If one of the unique characteristics of homo sapien sapien is that we are aware of our own existence and ask questions about ourself, another is that we wage war. 2011’s Rise of the Planet of the Apes chronicled sentient chimpanzee Caesar’s coming into self-knowledge and now Dawn of the Planet of the Apes takes the so-far inevitable next step in the story of intelligent lifeforms: armed conflict.
Dawn of the Planet of the Apes is the most successfully anti-war war movie in years.
Rather than make a heavy-handed case against war in any situation or create a flag-waving ode to combat bravery, the film explores the complexities of what makes man – or manlike creatures – take up arms against man.
And manages to be downright entertaining in the process.
As it starts, Caesar the Chimpanzee (Andy Serkis) is now the leader of a band of intelligent apes establishing a rudimentary civilization in the Muir Woods of California. He has a family he loves, represented by his nearly mature son Blue-Eyes (Nick Thurston), a home he has built, and a future in which to believe.
As the apes create their civilization, their human relatives lose theirs to a devastating plague. A remnant gathers in San Francisco, led by Dreyfus (Gary Oldman). The survivors are confused, desperate, traumatized, and eager for someone to blame.
Humanity meets ape when a work brigade hikes up to the woods to restart a hydroelectric dam. The deep mistrust that already exists between the species is only exasperated by a panicked act of violence. It is up to the human leader Malcolm (Jason Clarke) to forge bonds of trust with his ape counterpart in order to stave off war that will be devastating to both groups.
Just as Malcolm has trigger-happy, bitter, and frightened humans in his care, Caesar must contend with Koba (Toby Kebbell), a former victim of human experimentation that left him scarred inside and out.
The film sets up excellent parallels between Malcolm and Caesar, both of whom have families to lose and a small civilization depending on their efforts. After witnessing the implosion of the human race, Malcolm only wants to rebuild with his wife Elle (Kerry Russell) and son Alexander (Kodi Smitt-McPhee) while Caesar wants to be left alone to build his.
The 1968 original and its sequels were largely a metaphor for American black-white relations in the Civil Rights Era, but this film expands to consider any potential enemy, whether divided by race or religion or species or border.
By taking the audience inside the ape civilization, and making it care about it even though it is qualitatively “other” from human experience, the movie forces the audience to see mankind in a new light. The apes are decidedly not human. Yet they have a system of self-governance, something close to a monarchy. They have a rudimentary moral and legal code, the beginning of which is “Ape not kill ape.” Their language is developing, some of it vocal but most of it through sign language. A good deal of the ape dialog is in sign language, with subtitles, making this one of the few sign language films created for mass market.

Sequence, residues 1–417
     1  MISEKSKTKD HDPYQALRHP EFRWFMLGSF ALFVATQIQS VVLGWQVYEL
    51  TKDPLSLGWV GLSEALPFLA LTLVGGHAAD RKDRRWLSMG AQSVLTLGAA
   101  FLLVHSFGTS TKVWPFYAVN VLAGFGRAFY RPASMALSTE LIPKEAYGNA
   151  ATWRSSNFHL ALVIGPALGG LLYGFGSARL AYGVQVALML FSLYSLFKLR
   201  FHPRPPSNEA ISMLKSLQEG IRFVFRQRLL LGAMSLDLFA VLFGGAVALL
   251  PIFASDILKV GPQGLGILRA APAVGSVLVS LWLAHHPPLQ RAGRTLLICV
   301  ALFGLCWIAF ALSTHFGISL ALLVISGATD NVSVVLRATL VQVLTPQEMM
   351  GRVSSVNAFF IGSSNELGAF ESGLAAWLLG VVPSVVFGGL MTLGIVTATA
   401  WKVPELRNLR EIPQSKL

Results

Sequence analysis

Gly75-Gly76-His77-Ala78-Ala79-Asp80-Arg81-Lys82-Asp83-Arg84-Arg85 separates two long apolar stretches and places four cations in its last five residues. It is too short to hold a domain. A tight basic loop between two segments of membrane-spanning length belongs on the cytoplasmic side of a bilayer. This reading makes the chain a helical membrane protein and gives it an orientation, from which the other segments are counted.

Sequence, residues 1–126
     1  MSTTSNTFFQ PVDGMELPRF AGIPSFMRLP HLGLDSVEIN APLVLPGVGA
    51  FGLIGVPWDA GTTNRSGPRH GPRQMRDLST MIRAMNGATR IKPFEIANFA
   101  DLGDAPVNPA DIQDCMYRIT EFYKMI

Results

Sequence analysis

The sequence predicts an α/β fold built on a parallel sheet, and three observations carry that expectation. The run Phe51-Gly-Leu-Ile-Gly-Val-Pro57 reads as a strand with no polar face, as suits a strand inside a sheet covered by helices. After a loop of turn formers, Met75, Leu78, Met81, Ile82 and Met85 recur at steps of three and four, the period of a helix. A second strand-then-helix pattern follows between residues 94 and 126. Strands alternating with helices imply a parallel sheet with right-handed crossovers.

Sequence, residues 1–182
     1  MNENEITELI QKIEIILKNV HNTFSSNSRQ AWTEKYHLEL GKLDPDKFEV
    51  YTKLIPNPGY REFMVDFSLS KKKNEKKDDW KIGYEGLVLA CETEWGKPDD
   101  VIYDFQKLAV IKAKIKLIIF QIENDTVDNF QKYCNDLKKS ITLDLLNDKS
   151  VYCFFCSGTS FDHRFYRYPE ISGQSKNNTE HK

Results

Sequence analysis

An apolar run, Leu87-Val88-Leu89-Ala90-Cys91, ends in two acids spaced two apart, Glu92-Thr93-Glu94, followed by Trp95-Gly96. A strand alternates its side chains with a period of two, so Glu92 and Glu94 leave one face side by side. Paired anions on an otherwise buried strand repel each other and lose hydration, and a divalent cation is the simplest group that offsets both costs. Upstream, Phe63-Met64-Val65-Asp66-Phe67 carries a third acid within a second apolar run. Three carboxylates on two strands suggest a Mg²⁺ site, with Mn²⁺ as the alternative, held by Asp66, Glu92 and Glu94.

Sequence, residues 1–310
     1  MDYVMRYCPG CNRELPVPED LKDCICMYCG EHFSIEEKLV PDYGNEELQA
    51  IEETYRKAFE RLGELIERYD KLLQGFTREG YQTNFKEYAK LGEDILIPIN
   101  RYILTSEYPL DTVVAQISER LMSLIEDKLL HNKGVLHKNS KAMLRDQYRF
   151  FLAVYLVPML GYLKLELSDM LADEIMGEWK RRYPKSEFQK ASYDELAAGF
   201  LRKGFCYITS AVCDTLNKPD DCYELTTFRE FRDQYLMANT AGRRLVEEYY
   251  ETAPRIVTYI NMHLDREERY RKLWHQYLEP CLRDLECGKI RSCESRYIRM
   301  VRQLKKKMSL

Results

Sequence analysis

Very differently than the older films, the chimpanzees, gorillas, and orang utans that populate this story are not merely human beings with more hair. They hoot and vocalize like simians. They move with agility when swinging from branches but clumsily on the ground. They go through the dominance displays and submissive responses that researchers tell us mark ape culture. None of this would be possible without the fantastic acting of Andy Serkis, who plays Caesar wholly convincingly. He is as well-rounded and sympathetic as any man onscreen, quite a miracle for someone acting another species via green screen and motion capture technology.
The action sequences are exciting, but equally complex as the general set-up. They certainly don’t glorify violence. They create the feeling that fighting is a great tragedy. Yet, they also don’t condemn warriors as victims, cowards, or hypocrites. Courage and honor exist in the humans ready to defend their homes just as in the apes resolved to defend theirs.
Confusion, misunderstanding, and ignorance block trust between the two tribes, made worse by the prejudice displayed by individuals on both sides.
However, the two sides are not so different at all. The greatest warriors fight for peace. Although both Caesar and Malcolm recognize there are things worth fighting for and outcomes worse than war, they both will go great lengths and risk their own lives to avoid a conflict that will bring havoc on those they love. And neither is so unwise as to overlook deceit and injustice in his own ranks nor nobility in the others’.
This is a nuance not often seen in movies about war, especially American movies made in the still-long shadow of Vietnam. Ultimately, the violence comes from elements within each group, and both are at fault. Caesar and Malcolm, like great leaders before them, must shepherd their people through conflict not of their choosing, trying to generate the best outcome for those who rely on them.
This is not a bumper-sticker movie, easily co-opted by warhawks or peaceniks, by pro-gun or anti-gun lobbies, by conservatives or progressives.
It’s more mature than that.
Conflict may be inevitable. Despite our best efforts, it may be unavoidable. When it starts, how do we execute it well, end it quickly, and maintain our humanity or ape-anity in the process?
Mankind is a long way from figuring this out, as the state of our world so depressingly demonstrates. At least this movie earnestly tries.
Dawn of the Planet of the Apes is rated PG-13, mostly for intense action and some violence. There are some moments of violence that may be disturbing to younger viewers. There is no sexuality and only very light language. Appropriate for teens and preteens who can handle action and some violence.
Read my review of 2011’s Rise of the Planet of the Apes.